Kids in Nature offers UCSB students the chance to mentor elementary school students in various scientific fields, engaging in interactive educational activities and field trips.

Now in its twelfth year, KIN regularly reaches out to local fifth-grade students at Franklin Elementary School and Adelante Charter School, teaching two classes at Franklin and one at Adelante. Students enrolled in EEMB 189 — taught by KIN Founder Jennifer Thorsch —can intern in the program for credit or a stipend. Currently, there are six mentors, with each assigned to a group of local fifth-graders for the year.

Thorsch, who is also the director of the Cheadle Center for Biological Diversity and Ecological Restoration, said the organization strives to educate younger generations through hands-on activities and meaningful trips, such as their most recent trip to the campus’s Marine Science Institute on Tuesday.

“I realized that elementary school students were not receiving much, if any, science education and I really felt that there was a lack of opportunity for children to learn science and the teachers did not have the time, the resources or the training to teach science,” Thorsch said. “Science is something that, if you try to teach it in the classroom out of textbooks, it doesn’t come alive for students.”

The first KIN trip gave younger students the opportunity to learn how to use scientific equipment like binoculars and microscopes at the Cheadle Center for Biological Diversity and Ecological Restoration, where they also learned fundamental botany principles — such as plant structure, pollination, and seed dispersal and development — and engaged in arts and craft activities.

The group has also visited the Coal Oil Point Reserve, where students bird- watch, learn about local beach plants and animals and observe the habitats of marine plants like algae and seaweed.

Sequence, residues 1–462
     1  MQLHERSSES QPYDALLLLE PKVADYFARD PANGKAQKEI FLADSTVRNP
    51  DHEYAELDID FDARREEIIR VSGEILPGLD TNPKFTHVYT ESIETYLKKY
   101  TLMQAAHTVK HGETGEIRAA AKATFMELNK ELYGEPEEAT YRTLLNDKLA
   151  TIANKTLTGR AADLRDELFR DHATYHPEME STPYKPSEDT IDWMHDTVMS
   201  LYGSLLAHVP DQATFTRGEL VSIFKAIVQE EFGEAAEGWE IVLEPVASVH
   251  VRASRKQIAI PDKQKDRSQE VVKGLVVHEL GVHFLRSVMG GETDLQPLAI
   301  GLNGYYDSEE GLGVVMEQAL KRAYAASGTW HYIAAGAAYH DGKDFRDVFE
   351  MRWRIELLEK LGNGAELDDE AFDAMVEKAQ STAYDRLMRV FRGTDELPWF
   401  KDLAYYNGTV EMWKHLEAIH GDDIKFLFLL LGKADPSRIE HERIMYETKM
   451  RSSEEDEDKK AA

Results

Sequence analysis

The most recent trip to the Marine Science Institute allowed students to learn about local wetlands and observe ocean currents and cloud formations that are simulated on a structure called the ‘the magic planet,’ which is essentially a globe attached to a projector.

During Spring Quarter, KIN takes their students to the Arroyo Hondo preserve, where they can learn about the life cycle of the steelhead trout and determine what invertebrates are present in the stream. KIN also takes students to the Santa Barbara Botanic Gardens in the spring, allowing them to learn other botany lessons.

For the final day of the program, students are expected to prepare a Powerpoint presentation composed of drawings, diagrams, and essays that demonstrate what they’ve learned.

According to Thorsch, the program adheres to state standards but relies on unique methods to teach students.

“We have a theme that goes through every activity and builds on the previous activity, so we’re reinforcing concepts they’ve learned and introduce new concepts,” Thorsch said. “All of the activities we do with the students are aligned with the California and national standards and the environmental curriculum.”

Lindsey Bennett, a fourth-year environmental studies major, said she enjoys working with children in the program.

“At the beginning of the year, [the kids] were really timid and shy and now they’re really comfortable talking to me and asking me questions,” Bennett said. “This is a great opportunity for anyone interested in education, the environment, or ecology.”

Additionally, Thorsch said UCSB students have made personal connections with the elementary school students enrolled in the program.

“The relationship we build between the undergrad UCSB students and the fifth grade students is invaluable,” Thorsch said. “The fifth-grade students believe they too can go to college; the mentors are role models for them.”

While Thorsch said the program recently received a grant of $7,500 from Southern California Gas Company, it needs approximately $40,000 more to pay for next year’s transportation and supplies for students and mentors, as well as for the native plant gardens at the schools.

A version of this article appeared on page 3 of January 24th, 2013’s print edition of the Nexus.